The demand for a different kind of leadership is found in the edging forward of people whose communities have been painted as the Other. Trailblazers have always existed but too many were considered outliers or the stuff of history. Now they are rising at almost the same time, winning offices, directing institutions, piloting corporations, and excelling in fields that rarely welcomed them. Are they better understood as the harbingers of a movement?
If that movement is meant to change the culture, does the new vanguard of arts leaders have a central role to play? If the goal is a more inclusive and radically made world, are we ready to step up, step aside, or come together as circumstances require? Does democracy grow stronger when the people hit hardest by inequality take hold of the wheel? When those new captains heed the call of Audre Lorde to push further than they have dared, “until laws are changed and lives are saved and the world is altered forever,” what is the cost to them and to us? What support will they need and are we prepared to give it?
ABOUT THE SPEAKERS
The Rev. Kaji Spellman Douša is Senior Pastor of The Park Avenue Christian Church in Manhattan “The Park”. In the congregation’s 206 years, she is the first woman called to this role. She is one of very few young woman senior leaders of important historic pulpits in the country. The Park is known as a congregation of fearless activism in New York City.
About her public witness, Kaji says: “I’m realizing that it’s time for the church to repent. We’ve let the name of Jesus get away from us, get misused, twisted and turned into something unrecognizable by the Religious Right. In the meantime, how many generations of people are being harmed by oppressive teachings from church? All because those of us who knew better have been too afraid to stand up, or we’ve been ineffective in spreading a message of liberation. That day is over. There are lives at stake, for God’s sake.”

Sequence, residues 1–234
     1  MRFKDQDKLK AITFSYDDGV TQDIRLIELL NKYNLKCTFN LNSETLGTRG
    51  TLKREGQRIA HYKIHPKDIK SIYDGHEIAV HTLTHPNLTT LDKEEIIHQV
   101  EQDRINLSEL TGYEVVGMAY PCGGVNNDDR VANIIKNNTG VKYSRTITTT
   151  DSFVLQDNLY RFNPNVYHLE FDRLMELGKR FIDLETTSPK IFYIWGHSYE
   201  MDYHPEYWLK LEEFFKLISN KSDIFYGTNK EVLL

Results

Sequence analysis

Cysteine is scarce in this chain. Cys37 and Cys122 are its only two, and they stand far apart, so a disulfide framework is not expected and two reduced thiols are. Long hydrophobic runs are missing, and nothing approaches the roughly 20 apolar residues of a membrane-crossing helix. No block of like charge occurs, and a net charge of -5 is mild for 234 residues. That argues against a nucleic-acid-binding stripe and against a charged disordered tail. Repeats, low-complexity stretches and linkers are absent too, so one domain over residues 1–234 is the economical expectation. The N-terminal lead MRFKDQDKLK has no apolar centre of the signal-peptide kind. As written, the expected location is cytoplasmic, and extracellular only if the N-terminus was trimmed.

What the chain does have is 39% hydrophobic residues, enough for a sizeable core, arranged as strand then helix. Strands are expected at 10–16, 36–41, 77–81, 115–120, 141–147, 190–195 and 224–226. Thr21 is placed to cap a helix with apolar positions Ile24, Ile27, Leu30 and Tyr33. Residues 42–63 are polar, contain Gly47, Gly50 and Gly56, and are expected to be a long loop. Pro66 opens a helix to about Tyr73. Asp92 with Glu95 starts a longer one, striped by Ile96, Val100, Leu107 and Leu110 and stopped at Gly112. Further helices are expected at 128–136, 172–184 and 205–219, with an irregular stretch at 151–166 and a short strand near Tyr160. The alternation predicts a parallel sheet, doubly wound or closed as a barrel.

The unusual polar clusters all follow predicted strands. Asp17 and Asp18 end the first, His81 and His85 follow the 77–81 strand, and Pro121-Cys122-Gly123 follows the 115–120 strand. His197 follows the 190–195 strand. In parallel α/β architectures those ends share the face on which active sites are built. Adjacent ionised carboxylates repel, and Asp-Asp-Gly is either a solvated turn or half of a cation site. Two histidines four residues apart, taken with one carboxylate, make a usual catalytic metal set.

A graduate of the University of Pennsylvania and of Yale University, Pastor Kaji is a prolific writer and a celebrated and awarded public speaker. She preaches nearly every Sunday at The Park and is invited as a keynote speaker across the country. Her often fiery media appearances reflect her deep thinking, faithful perspective and quick wit. She is on the editorial board for the United Church of Christ’s Stillspeaking Writers Group, President of Yale Divinity School alumni board and co-chair of the New Sanctuary Coalition.
Kristina Newman-Scott is the newly appointed President of BRIC, the leading presenter of free cultural programming in Brooklyn, New York and a major incubator and supporter of Brooklyn artists and media-makers. She is the first immigrant and first woman of color to serve in this position and her previous position as the Director of Culture and State Historic Preservation Officer for the State of Connecticut. In June 2018, Americans for the Arts, presented Kristina with the Selina Roberts Ottum Award which recognizes an individual working in arts management who exemplifies extraordinary leadership qualities. Kristina has over 20 years of public sector and not-for-profit experience rooted in arts and culture. She has been a TEDx speaker, visiting curator, guest lecturer, and featured presenter at colleges, universities, organizations and events across the country and internationally. Ms. Newman-Scott was born and raised in Kingston, Jamaica where she was a visual artist, creative strategies consultant, and a television and radio producer. She became a U.S. citizen in 2013 and currently resides in Brooklyn, New York with her husband and two children.
Lisa Lucas is the Executive Director of the National Book Foundation. Prior to joining the Foundation, she served as the Publisher of Guernica Magazine and the Director of Education at the Tribeca Film Institute.
Sarinya Srisakul has been serving NYC as a firefighter since 2005. She is the first Asian woman firefighter in the FDNY.
Srisakul is the immediate past president of the United Women Firefighters and served in this title for 6 years. During her tenure, she had overseen the numbers of women firefighters grow from around 30 to 87, with many other milestones achieved such as the first all women staffed tour. She has been a dedicated member of the United Women Firefighters since the beginning of her career and had also held the positions of Secretary, Borough Representative and Vice President.